How do you make sure you have maximized your R&D tax credits without exposing your company to painful audit risk? Hire the right team to compile the right documentation and determine the right credit the FIRST time. There is no substitute for experience and that is what the PM Business Advisors offers you.
Our R&D Credit Team is led by Peter J. Scalise, a highly renowned thought leader with over twenty years of experience in identifying, gathering and documenting Federal and State R&D Tax Incentives. Peter’s background extends from servicing privately-held start-up companies to publicly-held Fortune 100 conglomerates.
CPA Firms: Our R&D team is ready to serve you and your clients. You will always get a commitment to excellent quality, reasonableness, and timeliness. We also offer flexible engagement terms and will ALWAYS put “boots on the ground.”
Start-ups: No taxable income? No problem! Several states have implemented refundable or transferable R&D credits, so do not assume you cannot utilize the credits you are generating. Our team can help you combine the tax credits with tax losses and turn that package into capital through tax certificate transfer programs. There are 15 states that currently offer some form of this program.
The PATH Act Significantly Enhances the R&D Tax Credit Program
On December 18th of 2015, President Obama signed into law a sweeping $1.14 trillion dollar funding bill that will keep the federal government operating through September 30th of 2016. In connection to the tax aspects of this comprehensive and pivotal legislation, the Protecting Americans from Tax Hikes Act of 2015 (hereinafter the “PATH Act”) accomplished considerably more than the typical tax-extenders legislation passed in previous years and truly signifies a dynamic paradigm shift as the PATH Act makes permanent over twenty leading tax incentives while extending other tax incentives over either a five year period or a two year period.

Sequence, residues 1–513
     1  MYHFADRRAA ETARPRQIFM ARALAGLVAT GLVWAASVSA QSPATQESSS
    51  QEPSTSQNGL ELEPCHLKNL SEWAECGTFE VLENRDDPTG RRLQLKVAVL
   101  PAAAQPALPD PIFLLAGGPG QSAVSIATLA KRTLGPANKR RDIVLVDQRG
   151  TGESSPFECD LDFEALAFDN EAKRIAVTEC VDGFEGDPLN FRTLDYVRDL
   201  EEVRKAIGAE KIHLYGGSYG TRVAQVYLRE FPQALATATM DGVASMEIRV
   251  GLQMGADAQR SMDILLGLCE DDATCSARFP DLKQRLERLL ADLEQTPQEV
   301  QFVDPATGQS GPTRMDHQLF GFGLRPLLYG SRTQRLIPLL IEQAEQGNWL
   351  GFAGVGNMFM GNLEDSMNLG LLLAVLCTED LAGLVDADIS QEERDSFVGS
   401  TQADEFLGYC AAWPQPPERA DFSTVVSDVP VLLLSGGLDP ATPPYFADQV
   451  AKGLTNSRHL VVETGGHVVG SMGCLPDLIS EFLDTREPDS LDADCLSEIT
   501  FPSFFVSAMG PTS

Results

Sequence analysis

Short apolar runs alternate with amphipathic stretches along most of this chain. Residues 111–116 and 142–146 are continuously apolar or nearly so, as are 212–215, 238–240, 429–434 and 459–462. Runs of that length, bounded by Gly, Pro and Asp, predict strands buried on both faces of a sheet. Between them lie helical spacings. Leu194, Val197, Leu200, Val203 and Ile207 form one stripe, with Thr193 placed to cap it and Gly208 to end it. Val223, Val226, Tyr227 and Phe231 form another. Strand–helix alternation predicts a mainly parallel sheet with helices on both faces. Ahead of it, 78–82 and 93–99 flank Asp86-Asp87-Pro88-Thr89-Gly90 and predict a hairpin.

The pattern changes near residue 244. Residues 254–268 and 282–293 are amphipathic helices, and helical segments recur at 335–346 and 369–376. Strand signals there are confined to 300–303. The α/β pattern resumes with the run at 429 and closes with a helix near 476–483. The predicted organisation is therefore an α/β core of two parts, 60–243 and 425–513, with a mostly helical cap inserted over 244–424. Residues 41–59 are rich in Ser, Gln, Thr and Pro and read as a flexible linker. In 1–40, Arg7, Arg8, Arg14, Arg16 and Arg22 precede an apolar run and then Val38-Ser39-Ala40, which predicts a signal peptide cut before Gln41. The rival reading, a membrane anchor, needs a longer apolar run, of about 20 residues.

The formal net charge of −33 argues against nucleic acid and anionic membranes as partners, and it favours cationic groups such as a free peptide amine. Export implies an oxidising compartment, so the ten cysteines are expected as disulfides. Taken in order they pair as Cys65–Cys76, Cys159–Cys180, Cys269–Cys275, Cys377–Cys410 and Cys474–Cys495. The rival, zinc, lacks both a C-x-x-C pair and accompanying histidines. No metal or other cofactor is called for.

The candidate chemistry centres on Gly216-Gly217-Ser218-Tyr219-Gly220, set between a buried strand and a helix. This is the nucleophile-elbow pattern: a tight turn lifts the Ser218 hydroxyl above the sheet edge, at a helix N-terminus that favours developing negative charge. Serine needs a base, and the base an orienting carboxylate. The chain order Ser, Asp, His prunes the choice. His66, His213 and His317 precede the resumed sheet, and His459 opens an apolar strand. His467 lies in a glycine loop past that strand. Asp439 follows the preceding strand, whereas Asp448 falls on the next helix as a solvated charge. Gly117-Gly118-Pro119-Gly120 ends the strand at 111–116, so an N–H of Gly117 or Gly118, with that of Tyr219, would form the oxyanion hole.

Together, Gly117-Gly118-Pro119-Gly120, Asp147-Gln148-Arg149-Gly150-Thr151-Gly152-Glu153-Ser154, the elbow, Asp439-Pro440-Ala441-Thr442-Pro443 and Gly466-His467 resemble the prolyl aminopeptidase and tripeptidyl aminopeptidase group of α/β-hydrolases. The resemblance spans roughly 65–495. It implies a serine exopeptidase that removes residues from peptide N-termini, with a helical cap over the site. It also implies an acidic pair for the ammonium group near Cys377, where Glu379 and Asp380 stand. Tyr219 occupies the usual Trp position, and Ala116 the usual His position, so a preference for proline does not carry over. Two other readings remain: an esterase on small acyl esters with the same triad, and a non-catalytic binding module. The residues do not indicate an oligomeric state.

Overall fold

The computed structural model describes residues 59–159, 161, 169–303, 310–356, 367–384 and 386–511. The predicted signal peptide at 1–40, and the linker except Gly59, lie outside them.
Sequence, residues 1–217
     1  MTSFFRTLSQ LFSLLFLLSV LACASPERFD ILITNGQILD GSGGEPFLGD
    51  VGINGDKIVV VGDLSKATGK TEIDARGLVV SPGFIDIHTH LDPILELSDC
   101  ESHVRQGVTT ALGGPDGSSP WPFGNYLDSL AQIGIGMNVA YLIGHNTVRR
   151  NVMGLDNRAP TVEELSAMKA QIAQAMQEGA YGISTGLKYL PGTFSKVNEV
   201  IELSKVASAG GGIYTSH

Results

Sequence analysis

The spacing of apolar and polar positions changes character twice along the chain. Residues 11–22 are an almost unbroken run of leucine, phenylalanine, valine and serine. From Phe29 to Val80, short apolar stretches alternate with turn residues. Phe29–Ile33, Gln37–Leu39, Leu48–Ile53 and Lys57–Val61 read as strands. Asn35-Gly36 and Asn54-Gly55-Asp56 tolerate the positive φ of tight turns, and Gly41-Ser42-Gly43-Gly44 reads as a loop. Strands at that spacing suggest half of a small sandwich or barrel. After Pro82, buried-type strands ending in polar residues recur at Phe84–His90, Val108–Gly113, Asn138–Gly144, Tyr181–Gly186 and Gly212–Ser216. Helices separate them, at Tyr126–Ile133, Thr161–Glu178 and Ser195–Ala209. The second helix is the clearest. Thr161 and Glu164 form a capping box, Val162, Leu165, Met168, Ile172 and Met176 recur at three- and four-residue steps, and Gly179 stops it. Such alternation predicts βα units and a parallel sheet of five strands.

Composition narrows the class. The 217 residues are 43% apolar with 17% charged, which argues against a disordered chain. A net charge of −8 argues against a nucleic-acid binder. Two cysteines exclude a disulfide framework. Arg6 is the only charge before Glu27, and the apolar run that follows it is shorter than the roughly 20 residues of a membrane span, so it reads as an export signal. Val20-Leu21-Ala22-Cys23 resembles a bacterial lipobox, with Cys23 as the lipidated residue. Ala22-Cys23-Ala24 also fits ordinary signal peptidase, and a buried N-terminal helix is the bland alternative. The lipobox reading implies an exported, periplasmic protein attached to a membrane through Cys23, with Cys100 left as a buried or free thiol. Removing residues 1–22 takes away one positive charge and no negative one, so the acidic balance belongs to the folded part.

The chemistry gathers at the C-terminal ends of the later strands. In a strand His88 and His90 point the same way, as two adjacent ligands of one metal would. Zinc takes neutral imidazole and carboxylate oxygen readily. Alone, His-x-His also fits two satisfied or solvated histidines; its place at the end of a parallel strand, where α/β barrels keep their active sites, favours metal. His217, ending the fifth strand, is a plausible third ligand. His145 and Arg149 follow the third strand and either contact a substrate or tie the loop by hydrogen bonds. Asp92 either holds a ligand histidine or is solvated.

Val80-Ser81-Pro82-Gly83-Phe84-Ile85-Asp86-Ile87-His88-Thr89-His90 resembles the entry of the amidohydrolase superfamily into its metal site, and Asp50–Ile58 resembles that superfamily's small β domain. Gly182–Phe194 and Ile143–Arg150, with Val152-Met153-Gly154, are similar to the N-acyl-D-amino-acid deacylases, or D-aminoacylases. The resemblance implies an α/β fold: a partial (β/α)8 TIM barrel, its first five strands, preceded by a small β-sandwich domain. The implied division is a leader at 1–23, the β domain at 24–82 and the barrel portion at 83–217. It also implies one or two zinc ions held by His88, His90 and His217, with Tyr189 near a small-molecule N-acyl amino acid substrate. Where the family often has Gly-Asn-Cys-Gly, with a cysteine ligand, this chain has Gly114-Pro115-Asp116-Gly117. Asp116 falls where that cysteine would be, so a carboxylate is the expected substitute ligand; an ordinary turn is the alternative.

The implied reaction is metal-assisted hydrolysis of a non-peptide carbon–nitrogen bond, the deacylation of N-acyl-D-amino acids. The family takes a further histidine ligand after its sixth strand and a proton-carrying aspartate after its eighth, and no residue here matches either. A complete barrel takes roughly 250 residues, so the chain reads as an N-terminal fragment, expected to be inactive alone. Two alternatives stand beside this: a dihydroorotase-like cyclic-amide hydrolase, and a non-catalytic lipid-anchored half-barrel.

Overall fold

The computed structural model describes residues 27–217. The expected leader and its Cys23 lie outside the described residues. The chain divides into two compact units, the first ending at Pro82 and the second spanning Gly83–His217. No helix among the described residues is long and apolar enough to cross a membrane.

In particular, the PATH Act meaningfully enhanced the R&D Tax Credit Program (hereinafter “RTC program”) on a myriad of levels. As an overview, the RTC program was initially added to the U.S. Internal Revenue Code (hereinafter the “Code”) in 1981 through the Economic Recovery Tax Act of 1981 as a temporary provision of the Code. The RTC program had most recently expired on December 31, 2014. A tremendous paradigm shift to the RTC program was made possible through the PATH Act which not only renewed the RTC retroactively for all of calendar year 2015 but most importantly made the RTC program permanent. In addition, the enhanced RTC program has been considerably restructured to:
• Allow eligible small businesses (i.e., $50 million or less in gross receipts) to claim the credit against the Alternative Minimum Tax (hereinafter “AMT”) for tax years beginning after December 31, 2015; and
• Allow eligible startup companies (i.e., those with less than $5 million in gross receipts and earning revenue for less than 5 years) to claim up to $250,000 of the credit against the company’s federal payroll tax for tax years beginning after December 31, 2015.
Please contact Peter J. Scalise to discuss the scope and application of the PATH Act and its impact on your R&D Tax Credit claim and/or for assistance in identifying, gathering, and documenting a sustainable R&D Tax Credit claim.
States Offering R&D Credit:
States Without R&D Credit